What defines your culture, family, city, faith and creativity?
These were a few of the questions that students explored during the first-ever ASAC photography competition – an event that saw over 80 aspiring photographers from eight international schools in the ASEAN region shine their own unique lens on the theme ‘Who Are We?’.
Among them were 25 Primary, Middle and High School students from ACG School Jakarta, eight of whom took out prizes for their outstanding photographic submissions.
Maryam Suliman earned first place in the Grade 7 to 8 portraiture category with a picture of her kitten lying in the grass.
“It took me around two hours to get the right shot,” says Maryam, who one day hopes to become a professional photographer.
“I’d tried taking other photos of plants and humans, but none of them were to my liking. When I saw my cat playing in the garden, everything from the lighting to the background just seemed perfect.”
Meanwhile, in the Grade 9 to 12 portraiture category, ACG School Jakarta’s Cello Siahaan gained top honours with his unique perspective on dualism.
“Everybody is dualistic, and I illustrated this by using the edges of a mirror to depict myself at different angles. The image made it seem like I was severed in two and had two faces,” explains Cello.
His unusual take on the theme clearly caught the judges’ attention and, in doing so, provided a significant boost to Cello’s spirits.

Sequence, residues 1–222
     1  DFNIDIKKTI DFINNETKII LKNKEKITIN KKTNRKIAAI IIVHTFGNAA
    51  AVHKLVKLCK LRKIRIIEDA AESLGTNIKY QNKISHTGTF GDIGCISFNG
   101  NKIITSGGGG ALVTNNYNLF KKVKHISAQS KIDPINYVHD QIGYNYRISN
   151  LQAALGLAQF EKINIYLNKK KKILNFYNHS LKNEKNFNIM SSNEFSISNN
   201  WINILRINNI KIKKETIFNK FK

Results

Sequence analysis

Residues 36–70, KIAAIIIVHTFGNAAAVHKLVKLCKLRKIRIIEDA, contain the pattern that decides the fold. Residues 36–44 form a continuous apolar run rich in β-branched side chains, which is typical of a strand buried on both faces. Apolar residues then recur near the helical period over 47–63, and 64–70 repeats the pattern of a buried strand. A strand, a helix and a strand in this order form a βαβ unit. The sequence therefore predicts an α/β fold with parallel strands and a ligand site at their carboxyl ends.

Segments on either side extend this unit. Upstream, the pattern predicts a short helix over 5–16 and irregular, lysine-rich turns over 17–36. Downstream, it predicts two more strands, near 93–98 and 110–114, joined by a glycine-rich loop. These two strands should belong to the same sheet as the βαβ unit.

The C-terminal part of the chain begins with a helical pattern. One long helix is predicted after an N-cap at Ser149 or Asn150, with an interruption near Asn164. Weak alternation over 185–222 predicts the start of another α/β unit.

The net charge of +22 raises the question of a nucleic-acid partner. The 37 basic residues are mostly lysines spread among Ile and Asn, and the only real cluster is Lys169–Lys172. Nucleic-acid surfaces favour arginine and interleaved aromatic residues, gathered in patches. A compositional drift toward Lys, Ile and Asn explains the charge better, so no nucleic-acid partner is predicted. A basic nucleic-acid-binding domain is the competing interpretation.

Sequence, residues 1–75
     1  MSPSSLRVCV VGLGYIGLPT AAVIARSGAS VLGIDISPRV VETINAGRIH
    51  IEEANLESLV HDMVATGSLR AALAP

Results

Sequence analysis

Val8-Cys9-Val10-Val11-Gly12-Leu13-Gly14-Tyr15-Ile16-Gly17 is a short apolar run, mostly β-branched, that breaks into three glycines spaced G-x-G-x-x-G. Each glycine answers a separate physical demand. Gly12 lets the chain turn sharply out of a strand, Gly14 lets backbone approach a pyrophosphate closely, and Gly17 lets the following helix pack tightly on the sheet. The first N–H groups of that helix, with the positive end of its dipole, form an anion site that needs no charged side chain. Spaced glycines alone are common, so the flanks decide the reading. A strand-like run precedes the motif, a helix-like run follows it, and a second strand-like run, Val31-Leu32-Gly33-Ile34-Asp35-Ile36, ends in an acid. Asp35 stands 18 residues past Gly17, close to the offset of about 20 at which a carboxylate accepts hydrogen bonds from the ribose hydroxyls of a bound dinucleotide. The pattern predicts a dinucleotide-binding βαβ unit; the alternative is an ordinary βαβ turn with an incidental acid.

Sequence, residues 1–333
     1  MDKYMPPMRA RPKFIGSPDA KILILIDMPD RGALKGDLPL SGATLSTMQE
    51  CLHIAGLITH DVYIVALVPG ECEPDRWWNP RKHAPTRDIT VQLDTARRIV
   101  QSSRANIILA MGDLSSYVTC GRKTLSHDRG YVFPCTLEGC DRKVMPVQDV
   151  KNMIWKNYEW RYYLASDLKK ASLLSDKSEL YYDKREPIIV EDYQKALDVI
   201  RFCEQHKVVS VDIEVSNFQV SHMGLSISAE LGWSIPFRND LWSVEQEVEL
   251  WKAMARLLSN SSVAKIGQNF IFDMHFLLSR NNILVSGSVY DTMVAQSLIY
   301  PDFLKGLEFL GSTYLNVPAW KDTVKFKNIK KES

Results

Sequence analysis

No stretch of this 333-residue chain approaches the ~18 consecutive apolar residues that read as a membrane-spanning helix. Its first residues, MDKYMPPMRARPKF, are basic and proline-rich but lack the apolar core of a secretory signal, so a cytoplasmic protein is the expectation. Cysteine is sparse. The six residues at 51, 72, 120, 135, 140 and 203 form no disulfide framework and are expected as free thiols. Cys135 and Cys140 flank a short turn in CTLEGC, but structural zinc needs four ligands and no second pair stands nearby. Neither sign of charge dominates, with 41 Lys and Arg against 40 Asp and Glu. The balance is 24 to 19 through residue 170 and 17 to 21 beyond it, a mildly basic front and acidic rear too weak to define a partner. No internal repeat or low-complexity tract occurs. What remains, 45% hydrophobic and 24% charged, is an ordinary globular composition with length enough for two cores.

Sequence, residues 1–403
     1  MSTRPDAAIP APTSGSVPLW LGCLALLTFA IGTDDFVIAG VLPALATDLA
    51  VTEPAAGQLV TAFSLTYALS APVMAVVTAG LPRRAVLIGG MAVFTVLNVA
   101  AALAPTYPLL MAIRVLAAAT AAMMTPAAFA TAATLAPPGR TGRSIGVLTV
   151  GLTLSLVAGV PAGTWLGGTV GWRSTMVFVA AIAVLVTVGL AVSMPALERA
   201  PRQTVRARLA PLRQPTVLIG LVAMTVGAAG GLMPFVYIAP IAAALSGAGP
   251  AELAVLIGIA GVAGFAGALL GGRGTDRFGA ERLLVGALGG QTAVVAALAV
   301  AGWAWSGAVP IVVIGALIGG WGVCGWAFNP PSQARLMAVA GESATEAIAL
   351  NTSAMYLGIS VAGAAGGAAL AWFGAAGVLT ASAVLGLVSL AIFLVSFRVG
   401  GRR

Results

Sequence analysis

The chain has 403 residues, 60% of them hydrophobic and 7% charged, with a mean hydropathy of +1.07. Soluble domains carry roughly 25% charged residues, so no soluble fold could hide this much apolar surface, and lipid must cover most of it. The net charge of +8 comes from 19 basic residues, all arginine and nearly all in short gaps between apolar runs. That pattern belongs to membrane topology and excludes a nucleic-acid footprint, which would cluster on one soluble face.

“It really made my day when I found out the results. It’s not often I win something, so this award gave me more confidence in my creative abilities.”
The photographic competition is one of the many events and activities ASAC (ASEAN Sports and Activities Conference) has planned for students in 2022. Aimed at bringing together like-minded international schools from Thailand, Vietnam, Cambodia and Indonesia, ASAC events originally focused on sports. But since the arrival of Covid-19, their competition offerings have expanded and diversified. And ACG School Jakarta virtual arts teacher Olivia Owen is delighted.
“It’s a fantastic opportunity for ACG students to showcase their photographic talents. Not only is it great for their confidence, but it also makes them feel proud of their culture, identity and school,” she explains.
And while Olivia expected ACG students to do well, they were even more successful than she had anticipated.
“Many students had entered the ACG School Jakarta photography competition last year, so I knew we had a lot of talent and were in with a good chance of winning some prizes.
But I didn’t think that nearly ten per cent of the contest winners would be entrants from ACG!”
With such a high standard of work, Olivia admits it’s hard to pick a favourite, but one particular photo does stand out to her.
“ACG student Pappin Soekidi Ford submitted a photo of oxen on the beach. It was such a great photo – it was organic, the sun was setting, and the backdrop of the scene on the beach in Lombok was breathtaking. To me, that photo really represented Indonesian culture in a unique way.
“I am so proud of all our winning photographers. They represented ACG School Jakarta in the best possible way, showcasing their culture and identities. I’m so glad they gained this recognition and had their photographs viewed by a huge audience here in Southeast Asia.”